Now turn we to our former chroniclers.— Endymion awoke, that grief of hers Sweet paining on his ear: he sickly guess'd How lone he was once more, and sadly press'd 860 His empty arms together, hung his head, And most forlorn upon that widow'd bed Sat silently. Love's madness he had known: Often with more than tortured lion's groan Moanings had burst from him; but now that rage Had pass'd away: no longer did he wage A rough-voic'd war against the dooming stars. No, he had felt too much for such harsh jars: The lyre of his soul Eolian tun'd Forgot all violence, and but commun'd 870 With melancholy thought: O he had swoon'd Drunken from pleasure's nipple; and his love Henceforth was dove-like.—Loth was he to move From the imprinted couch, and when he did, 'Twas with slow, languid paces, and face hid In muffling hands. So temper'd, out he stray'd Half seeing visions that might have dismay'd Alecto's serpents; ravishments more keen Than Hermes' pipe, when anxious he did lean Over eclipsing eyes: and at the last 880 It was a sounding grotto, vaulted, vast, O'er studded with a thousand, thousand pearls, And crimson mouthed shells with stubborn curls, Of every shape and size, even to the bulk In which whales arbour close, to brood and sulk Against an endless storm. Moreover too, Fish-semblances, of green and azure hue, Ready to snort their streams. In this cool wonder Endymion sat down, and 'gan to ponder On all his life: his youth, up to the day 890 When 'mid acclaim, and feasts, and garlands gay, He stept upon his shepherd throne: the look Of his white palace in wild forest nook, And all the revels he had lorded there: Each tender maiden whom he once thought fair, With every friend and fellow-woodlander— Pass'd like a dream before him. Then the spur Of the old bards to mighty deeds: his plans To nurse the golden age 'mong shepherd clans: That wondrous night: the great Pan-festival: 900 His sister's sorrow; and his wanderings all, Until into the earth's deep maw he rush'd: Then all its buried magic, till it flush'd High with excessive love. "And now," thought he, "How long must I remain in jeopardy Of blank amazements that amaze no more? Now I have tasted her sweet soul to the core All other depths are shallow: essences, Once spiritual, are like muddy lees, Meant but to fertilize my earthly root, 910 And make my branches lift a golden fruit Into the bloom of heaven: other light, Though it be quick and sharp enough to blight The Olympian eagle's vision, is dark, Dark as the parentage of chaos. Hark! My silent thoughts are echoing from these shells; Or they are but the ghosts, the dying swells Of noises far away?—list!"—Hereupon He kept an anxious ear. The humming tone Came louder, and behold, there as he lay, 920 On either side outgush'd, with misty spray, A copious spring; and both together dash'd Swift, mad, fantastic round the rocks, and lash'd Among the conchs and shells of the lofty grot, Leaving a trickling dew. At last they shot Down from the ceiling's height, pouring a noise As of some breathless racers whose hopes poize Upon the last few steps, and with spent force Along the ground they took a winding course. Endymion follow'd—for it seem'd that one 930 Ever pursued, the other strove to shun— Follow'd their languid mazes, till well nigh He had left thinking of the mystery,— And was now rapt in tender hoverings Over the vanish'd bliss. Ah! what is it sings His dream away? What melodies are these? They sound as through the whispering of trees, Not native in such barren vaults. Give ear!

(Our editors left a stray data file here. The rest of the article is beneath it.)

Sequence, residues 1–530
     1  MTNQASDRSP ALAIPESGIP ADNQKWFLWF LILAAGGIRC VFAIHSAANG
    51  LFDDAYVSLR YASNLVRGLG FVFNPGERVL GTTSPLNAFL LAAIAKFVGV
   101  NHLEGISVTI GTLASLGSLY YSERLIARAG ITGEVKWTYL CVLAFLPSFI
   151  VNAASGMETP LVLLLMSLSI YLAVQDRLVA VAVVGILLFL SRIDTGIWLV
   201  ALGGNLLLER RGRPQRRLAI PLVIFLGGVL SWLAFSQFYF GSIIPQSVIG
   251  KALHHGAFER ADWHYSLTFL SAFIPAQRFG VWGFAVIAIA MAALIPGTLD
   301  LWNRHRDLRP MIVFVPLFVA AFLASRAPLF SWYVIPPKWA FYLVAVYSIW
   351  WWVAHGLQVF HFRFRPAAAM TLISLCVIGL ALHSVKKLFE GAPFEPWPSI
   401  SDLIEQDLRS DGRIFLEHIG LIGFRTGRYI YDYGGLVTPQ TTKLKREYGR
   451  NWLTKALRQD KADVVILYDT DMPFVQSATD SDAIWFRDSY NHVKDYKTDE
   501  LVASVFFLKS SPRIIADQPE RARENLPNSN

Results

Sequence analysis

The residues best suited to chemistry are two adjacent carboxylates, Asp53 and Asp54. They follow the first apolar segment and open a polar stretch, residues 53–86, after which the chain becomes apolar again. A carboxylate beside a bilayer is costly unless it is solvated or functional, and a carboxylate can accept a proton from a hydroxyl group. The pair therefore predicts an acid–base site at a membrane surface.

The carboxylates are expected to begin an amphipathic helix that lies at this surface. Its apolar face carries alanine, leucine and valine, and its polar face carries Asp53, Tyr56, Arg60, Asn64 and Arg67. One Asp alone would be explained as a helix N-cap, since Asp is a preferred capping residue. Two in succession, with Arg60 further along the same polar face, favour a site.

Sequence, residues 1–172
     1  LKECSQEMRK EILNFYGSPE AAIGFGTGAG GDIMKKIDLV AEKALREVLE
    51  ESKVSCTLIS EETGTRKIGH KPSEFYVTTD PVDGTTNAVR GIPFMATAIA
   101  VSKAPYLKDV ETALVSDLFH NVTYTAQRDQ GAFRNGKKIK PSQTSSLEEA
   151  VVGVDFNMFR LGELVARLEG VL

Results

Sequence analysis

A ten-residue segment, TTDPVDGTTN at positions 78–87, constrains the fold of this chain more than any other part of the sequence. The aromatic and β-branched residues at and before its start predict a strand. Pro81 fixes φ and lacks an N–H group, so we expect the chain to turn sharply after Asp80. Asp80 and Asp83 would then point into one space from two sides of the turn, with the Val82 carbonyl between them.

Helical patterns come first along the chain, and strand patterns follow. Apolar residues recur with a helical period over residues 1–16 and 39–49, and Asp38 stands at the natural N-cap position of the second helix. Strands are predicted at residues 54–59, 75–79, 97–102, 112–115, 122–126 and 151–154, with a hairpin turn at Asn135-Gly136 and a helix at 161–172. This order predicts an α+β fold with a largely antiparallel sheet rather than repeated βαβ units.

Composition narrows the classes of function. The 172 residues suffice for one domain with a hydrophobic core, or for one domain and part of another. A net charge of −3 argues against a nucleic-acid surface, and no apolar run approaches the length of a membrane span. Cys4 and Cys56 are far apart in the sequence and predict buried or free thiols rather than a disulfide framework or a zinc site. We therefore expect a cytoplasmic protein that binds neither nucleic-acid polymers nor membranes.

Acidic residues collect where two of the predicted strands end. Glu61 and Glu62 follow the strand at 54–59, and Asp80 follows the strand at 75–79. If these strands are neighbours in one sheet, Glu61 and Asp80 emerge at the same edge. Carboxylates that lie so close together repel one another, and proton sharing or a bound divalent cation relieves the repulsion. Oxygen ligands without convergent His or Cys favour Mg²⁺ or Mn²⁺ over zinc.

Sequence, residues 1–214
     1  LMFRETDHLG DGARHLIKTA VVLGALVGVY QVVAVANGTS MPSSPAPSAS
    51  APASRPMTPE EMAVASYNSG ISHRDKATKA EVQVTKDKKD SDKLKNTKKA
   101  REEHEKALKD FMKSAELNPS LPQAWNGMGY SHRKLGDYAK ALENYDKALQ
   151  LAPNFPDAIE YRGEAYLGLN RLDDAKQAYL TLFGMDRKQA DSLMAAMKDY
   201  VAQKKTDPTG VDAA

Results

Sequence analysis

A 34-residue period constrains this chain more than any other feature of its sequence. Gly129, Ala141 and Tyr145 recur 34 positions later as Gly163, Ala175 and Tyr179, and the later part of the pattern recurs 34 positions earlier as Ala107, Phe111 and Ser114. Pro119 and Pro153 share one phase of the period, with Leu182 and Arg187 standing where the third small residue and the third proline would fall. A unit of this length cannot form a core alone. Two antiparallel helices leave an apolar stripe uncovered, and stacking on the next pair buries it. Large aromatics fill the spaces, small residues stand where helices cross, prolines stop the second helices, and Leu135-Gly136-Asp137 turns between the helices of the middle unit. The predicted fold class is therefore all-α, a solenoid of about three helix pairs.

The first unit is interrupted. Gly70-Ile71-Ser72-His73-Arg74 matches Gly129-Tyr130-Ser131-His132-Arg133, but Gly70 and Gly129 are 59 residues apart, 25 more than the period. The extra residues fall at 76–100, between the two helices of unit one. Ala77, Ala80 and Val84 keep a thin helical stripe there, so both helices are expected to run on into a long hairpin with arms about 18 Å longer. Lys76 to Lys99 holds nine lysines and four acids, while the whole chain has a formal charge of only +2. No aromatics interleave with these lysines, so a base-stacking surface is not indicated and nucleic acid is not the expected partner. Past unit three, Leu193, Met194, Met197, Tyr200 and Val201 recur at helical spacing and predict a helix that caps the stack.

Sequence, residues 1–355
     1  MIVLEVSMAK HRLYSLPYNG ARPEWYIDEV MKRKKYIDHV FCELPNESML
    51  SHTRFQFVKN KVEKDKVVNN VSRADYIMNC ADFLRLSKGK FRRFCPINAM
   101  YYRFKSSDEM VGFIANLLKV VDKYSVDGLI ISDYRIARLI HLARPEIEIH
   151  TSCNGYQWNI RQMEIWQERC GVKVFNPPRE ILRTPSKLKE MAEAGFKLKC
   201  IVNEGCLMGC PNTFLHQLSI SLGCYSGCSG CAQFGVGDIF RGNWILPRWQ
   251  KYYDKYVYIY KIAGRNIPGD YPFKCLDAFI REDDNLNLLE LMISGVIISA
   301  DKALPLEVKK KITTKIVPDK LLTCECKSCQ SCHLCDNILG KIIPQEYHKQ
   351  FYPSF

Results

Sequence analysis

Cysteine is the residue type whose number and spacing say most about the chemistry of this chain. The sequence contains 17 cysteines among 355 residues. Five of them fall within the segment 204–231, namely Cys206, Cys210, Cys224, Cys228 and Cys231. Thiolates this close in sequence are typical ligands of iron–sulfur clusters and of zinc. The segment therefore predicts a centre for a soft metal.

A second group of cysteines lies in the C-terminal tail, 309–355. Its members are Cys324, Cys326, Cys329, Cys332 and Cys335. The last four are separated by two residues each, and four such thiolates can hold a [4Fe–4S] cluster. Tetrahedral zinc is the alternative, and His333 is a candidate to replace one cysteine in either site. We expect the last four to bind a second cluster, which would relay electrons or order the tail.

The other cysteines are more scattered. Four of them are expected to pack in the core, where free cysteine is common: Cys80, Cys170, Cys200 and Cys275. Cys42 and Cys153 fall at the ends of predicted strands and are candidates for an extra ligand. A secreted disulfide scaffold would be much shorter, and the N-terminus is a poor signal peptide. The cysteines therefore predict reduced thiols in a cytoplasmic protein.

"O Arethusa, peerless nymph! why fear Such tenderness as mine? Great Dian, why, 940 Why didst thou hear her prayer? O that I Were rippling round her dainty fairness now, Circling about her waist, and striving how To entice her to a dive! then stealing in Between her luscious lips and eyelids thin. O that her shining hair was in the sun, And I distilling from it thence to run In amorous rillets down her shrinking form! To linger on her lily shoulders, warm Between her kissing breasts, and every charm 950 Touch raptur'd!—See how painfully I flow: Fair maid, be pitiful to my great woe. Stay, stay thy weary course, and let me lead, A happy wooer, to the flowery mead Where all that beauty snar'd me."—"Cruel god, Desist! or my offended mistress' nod Will stagnate all thy fountains:—tease me not With syren words—Ah, have I really got Such power to madden thee? And is it true— Away, away, or I shall dearly rue 960 My very thoughts: in mercy then away, Kindest Alpheus, for should I obey My own dear will, 'twould be a deadly bane."— "O, Oread-Queen! would that thou hadst a pain Like this of mine, then would I fearless turn And be a criminal."—"Alas, I burn, I shudder—gentle river, get thee hence. Alpheus! thou enchanter! every sense Of mine was once made perfect in these woods. Fresh breezes, bowery lawns, and innocent floods, 970 Ripe fruits, and lonely couch, contentment gave; But ever since I heedlessly did lave In thy deceitful stream, a panting glow Grew strong within me: wherefore serve me so, And call it love? Alas, 'twas cruelty. Not once more did I close my happy eyes Amid the thrush's song. Away! Avaunt! O 'twas a cruel thing."—"Now thou dost taunt So softly, Arethusa, that I think If thou wast playing on my shady brink, 980 Thou wouldst bathe once again. Innocent maid! Stifle thine heart no more:—nor be afraid Of angry powers: there are deities Will shade us with their wings. Those fitful sighs 'Tis almost death to hear: O let me pour A dewy balm upon them!—fear no more, Sweet Arethusa! Dian's self must feel Sometimes these very pangs. Dear maiden, steal Blushing into my soul, and let us fly These dreary caverns for the open sky. 990 I will delight thee all my winding course, From the green sea up to my hidden source About Arcadian forests; and will shew The channels where my coolest waters flow Through mossy rocks; where, 'mid exuberant green, I roam in pleasant darkness, more unseen Than Saturn in his exile; where I brim Round flowery islands, and take thence a skim Of mealy sweets, which myriads of bees Buzz from their honied wings: and thou shouldst please Thyself to choose the richest, where we might 1001 Be incense-pillow'd every summer night. Doff all sad fears, thou white deliciousness, And let us be thus comforted; unless Thou couldst rejoice to see my hopeless stream Hurry distracted from Sol's temperate beam, And pour to death along some hungry sands."— "What can I do, Alpheus? Dian stands Severe before me: persecuting fate! Unhappy Arethusa! thou wast late 1010 A huntress free in"—At this, sudden fell Those two sad streams adown a fearful dell. The Latmian listen'd, but he heard no more, Save echo, faint repeating o'er and o'er The name of Arethusa. On the verge Of that dark gulph he wept, and said: "I urge Thee, gentle Goddess of my pilgrimage, By our eternal hopes, to soothe, to assuage, If thou art powerful, these lovers pains; And make them happy in some happy plains. 1020